Homeschools are one of the last bastions of biology materials that espouse creationism. This doozy of a sentence appeared in Biology: Third Edition, printed by Bob Jones University Press. As inflammatory as the line is, because the majority of homeschoolers are fundamentalist Christians, there hasn’t been a major outcry against it. But non-Christian parents teaching their kids at home have a devil of a time finding Big Bang books.
“This textbook discusses evolution, a controversial theory some scientists present as a scientific explanation for the origin of living things, such as plants, animals, and humans.”
The South would be the other place you can still find Darwin disagreement. Although Alabama has since modified their stance, in 1996 and 2001 the state’s Board of Education ordered a sticker be attached to all public school biology textbooks clarifying evolution as a “controversial theory.” The label went on to say, “any statement about life’s origins should be considered as theory, not fact.” The 2005 version of the sticker removed the word “controversial.”
“Then there was a dreadful scream, and there glaring at her in the doorway stood the Witch of the Future…”
What started in Chicago suburbs in 1991 as a parent crusade against an elementary reader was taken up by national conservative groups like Focus on the Family. Their anger was directed at the “Impressions” line of children’s textbooks because they included stories like “The Witch and the Rainbow Cat,” about a young girl who gets trapped in a witch’s cabin. The issue became a hot-button topic in Chitown, and boy, were the school board elections crazy in ’92.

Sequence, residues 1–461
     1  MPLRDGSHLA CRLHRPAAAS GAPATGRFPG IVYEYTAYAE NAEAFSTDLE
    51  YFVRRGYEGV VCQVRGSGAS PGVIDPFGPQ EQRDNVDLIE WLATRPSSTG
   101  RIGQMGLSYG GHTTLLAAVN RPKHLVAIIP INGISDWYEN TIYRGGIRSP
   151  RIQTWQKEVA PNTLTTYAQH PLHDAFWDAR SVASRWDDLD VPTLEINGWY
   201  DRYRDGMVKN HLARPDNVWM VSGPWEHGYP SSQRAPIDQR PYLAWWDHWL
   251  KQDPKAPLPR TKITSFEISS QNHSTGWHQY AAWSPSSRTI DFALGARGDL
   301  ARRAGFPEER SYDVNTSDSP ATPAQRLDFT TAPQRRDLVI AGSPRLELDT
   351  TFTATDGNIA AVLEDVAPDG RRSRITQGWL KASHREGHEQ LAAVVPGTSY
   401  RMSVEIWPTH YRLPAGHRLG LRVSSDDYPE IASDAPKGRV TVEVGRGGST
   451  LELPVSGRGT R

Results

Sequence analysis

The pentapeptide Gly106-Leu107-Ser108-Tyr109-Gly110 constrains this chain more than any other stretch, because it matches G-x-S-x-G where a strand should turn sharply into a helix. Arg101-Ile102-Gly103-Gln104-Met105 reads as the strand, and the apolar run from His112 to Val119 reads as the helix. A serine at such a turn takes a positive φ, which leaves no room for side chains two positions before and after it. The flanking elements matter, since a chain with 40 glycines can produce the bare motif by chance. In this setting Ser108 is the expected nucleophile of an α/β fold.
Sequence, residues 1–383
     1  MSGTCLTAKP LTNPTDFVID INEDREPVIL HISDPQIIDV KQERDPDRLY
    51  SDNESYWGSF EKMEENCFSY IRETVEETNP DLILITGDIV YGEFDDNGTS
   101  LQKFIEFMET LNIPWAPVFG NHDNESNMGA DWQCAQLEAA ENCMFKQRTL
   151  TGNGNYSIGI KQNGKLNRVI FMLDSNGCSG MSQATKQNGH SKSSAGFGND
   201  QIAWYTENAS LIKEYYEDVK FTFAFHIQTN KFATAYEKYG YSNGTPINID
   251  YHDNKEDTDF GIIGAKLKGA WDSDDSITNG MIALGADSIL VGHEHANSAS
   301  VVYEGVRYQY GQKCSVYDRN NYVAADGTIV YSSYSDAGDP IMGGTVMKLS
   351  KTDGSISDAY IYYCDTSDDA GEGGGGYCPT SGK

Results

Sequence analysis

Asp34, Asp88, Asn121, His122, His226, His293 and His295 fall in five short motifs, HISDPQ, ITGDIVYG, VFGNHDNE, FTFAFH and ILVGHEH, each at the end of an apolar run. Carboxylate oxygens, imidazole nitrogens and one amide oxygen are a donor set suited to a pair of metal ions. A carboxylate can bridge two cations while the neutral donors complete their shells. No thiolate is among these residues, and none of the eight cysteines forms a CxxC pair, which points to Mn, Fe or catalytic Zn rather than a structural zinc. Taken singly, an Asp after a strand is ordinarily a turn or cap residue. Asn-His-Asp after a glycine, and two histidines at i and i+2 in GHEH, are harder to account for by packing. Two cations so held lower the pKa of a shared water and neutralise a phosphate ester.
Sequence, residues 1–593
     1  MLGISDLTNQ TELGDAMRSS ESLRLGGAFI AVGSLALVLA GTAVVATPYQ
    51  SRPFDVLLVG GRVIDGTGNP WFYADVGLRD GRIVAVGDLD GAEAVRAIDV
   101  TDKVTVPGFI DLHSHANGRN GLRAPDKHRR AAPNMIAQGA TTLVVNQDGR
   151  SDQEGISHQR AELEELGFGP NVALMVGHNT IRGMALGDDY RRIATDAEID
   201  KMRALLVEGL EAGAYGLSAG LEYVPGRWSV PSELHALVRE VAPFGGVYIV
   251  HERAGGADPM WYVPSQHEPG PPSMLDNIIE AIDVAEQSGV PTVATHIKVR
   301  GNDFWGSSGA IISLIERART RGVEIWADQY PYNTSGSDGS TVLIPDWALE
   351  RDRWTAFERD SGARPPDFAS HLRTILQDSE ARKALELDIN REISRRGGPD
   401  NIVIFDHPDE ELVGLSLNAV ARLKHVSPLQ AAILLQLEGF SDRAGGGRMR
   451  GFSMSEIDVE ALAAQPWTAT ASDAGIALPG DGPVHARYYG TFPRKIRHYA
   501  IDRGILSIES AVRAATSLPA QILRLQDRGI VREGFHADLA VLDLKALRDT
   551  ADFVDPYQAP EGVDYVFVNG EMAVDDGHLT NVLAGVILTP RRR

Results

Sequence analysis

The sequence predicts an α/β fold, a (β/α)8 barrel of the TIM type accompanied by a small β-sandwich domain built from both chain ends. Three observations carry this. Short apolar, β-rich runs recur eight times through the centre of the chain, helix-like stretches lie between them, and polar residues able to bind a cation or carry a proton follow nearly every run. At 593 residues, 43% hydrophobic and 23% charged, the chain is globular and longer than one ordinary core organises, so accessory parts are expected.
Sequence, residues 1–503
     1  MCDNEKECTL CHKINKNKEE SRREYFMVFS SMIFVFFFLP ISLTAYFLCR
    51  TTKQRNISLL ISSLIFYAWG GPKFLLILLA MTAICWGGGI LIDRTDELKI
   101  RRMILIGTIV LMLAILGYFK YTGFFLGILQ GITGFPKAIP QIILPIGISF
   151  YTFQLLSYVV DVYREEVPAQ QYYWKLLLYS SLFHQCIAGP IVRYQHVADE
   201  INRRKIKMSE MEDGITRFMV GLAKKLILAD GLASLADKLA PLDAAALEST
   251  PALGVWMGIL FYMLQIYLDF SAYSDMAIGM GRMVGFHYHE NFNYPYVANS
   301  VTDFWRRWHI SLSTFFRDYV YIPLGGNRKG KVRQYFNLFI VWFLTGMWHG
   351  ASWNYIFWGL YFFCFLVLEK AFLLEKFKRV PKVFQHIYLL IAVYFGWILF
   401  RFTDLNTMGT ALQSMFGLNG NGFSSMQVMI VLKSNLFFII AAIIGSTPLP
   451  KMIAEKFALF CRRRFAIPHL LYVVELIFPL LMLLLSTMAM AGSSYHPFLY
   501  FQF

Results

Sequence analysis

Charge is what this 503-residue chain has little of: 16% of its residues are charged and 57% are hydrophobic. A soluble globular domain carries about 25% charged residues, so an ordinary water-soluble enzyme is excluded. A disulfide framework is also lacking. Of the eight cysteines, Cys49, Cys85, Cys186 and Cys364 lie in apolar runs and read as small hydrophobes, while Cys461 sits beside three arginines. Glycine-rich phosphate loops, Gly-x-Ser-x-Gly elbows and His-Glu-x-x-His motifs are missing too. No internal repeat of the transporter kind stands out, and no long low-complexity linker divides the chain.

“All praise is due to Allah that I moved to Boston when I did. If I hadn’t, I’d probably still be a brainwashed black Christian.”
In 1974, the school board in West Virginia‘s Kanawha County was tasked by the state with promoting more diversity in their textbooks. When this quote from Malcolm X’s autobiography was discovered in the language arts books the board had committed to buy, there was an uproar. One thousand people protested the meeting where the board finalized the book purchase. Then 12,000 people signed a petition to ban the book from schools. Three thousand coalminers went on strike. Dynamite was thrown. People were shot. But the books stayed.
“Scholars of the People of the Book know that Islam is the true path because they find it in their books. But they shy away out of ignorance and stubbornness. And God knows their deeds and will judge them.”
The Islamic Academy in Virginia had already been the source of a study by the U.S. Commission on International Religious Freedom that found the school’s textbooks promoted discrimination against non-Muslims. This quote is supposedly one of the results of a move toward tolerance in the books. It appears in a book for 11th-graders and basically condemns all Christians and Jews.
Technically qualifying as American textbooks because they were produced by the University of Nebraska, in the late ’80s, millions of textbooks were sent to Afghan children to try to turn them against the Communists while teaching them math and language skills. The books were a blatant attempt to mix education with propaganda, as the primers were illustrated with pictures of tanks and assault rifles and math equations like “5 guns + 5 guns = 10 guns.” It’s still a controversial moment in the history of education in this country.